It seems that the city of Grand Forks has succeeded in placing itself at the center of the unmanned aircraft business. This is great news for the region’s economy. MPR:
Unmanned aircraft systems are becoming big business. It’s estimated the Department of Defense will spend as much as $80 billion on unmanned aircraft in the next 10 years.
Phyllis Johnson, vice president for research and development at the University of North Dakota, says Grand Forks is at the epicenter of a growth industry.
“I think this region is positioned as well as anybody, if not better than most,” said Johnson. “We have all the pieces right here to really grow this industry and take advantage of everything that’s out there.”
There was a lot of uncertainty in the area when the Department of Defense recommended realignment for the Grand Forks Air Force Base back in 2005. Thankfully, instead of seeing it close with the departure of the 319th Refueling Wing, a new mission developed around the emerging use of unmanned aerial vehicles. And while the RQ-4 Global Hawk isn’t scheduled to arrive until next year, it’s already having a positive impact on Grand Forks.
Just this afternoon, a ribbon-cutting ceremony was held down the hallway from where I work in the Center For Innovation to celebrate the opening of Northrop Grumman’s new Grand Forks office. According to Minnesota Public Radio, they expect to have about 100 employees here within the next two years.
In addition, area educational institutions are getting involved, too. The University of North Dakota is now offering the world’s first degree in Bachelor degree in unmanned aircraft systems operations and Northland Community and Technical College in Thief River Falls is preparing to train mechanics qualified to fix and maintain the Global Hawk unmanned aircraft.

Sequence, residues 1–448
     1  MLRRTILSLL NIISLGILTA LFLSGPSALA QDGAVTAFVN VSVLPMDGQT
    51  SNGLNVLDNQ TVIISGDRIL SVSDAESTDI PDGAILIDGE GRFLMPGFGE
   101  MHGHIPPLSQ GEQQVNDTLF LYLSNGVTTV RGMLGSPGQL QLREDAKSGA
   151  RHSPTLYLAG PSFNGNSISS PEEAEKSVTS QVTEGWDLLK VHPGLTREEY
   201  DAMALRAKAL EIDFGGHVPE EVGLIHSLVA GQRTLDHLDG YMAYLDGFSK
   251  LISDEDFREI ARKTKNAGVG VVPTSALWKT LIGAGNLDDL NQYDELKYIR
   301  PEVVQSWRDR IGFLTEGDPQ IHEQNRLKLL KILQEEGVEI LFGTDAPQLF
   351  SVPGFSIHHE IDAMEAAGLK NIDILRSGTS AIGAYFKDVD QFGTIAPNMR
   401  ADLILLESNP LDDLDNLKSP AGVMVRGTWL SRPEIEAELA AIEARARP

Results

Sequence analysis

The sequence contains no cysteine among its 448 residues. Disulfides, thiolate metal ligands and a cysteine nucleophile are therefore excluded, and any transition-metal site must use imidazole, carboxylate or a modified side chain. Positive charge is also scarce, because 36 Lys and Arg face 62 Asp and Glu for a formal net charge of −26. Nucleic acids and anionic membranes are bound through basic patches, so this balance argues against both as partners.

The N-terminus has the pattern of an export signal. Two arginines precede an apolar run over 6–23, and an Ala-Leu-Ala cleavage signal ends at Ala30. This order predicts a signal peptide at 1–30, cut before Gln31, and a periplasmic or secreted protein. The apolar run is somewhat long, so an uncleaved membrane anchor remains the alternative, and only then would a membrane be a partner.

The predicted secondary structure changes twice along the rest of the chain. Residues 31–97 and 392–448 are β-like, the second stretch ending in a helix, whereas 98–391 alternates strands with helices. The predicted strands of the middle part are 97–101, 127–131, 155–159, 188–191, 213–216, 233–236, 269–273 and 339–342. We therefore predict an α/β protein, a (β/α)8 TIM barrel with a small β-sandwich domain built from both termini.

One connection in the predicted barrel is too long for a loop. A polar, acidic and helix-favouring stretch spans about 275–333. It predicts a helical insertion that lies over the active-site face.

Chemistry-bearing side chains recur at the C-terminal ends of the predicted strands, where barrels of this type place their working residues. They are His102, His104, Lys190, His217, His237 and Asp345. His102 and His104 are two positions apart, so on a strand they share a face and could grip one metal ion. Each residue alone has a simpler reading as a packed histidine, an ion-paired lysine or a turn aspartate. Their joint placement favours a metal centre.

Having this new industry in the region also presents an opportunity for entrepreneurs and small businesses. Locating a supporting manufacturing or software in Grand Forks provides easy access to the United States Air Force, Northrop Grumman, and a variety of UAV training and educational resources. It’s possible that our little city could play a key role in this industry for well into the future.
Grand Forks owes a big thanks to North Dakota’s Congressional delegation and city officials for their years of hard work in making this opportunity possible. Between this and the potential for clean and renewable energy in the state, we’re positioning ourselves well for the future.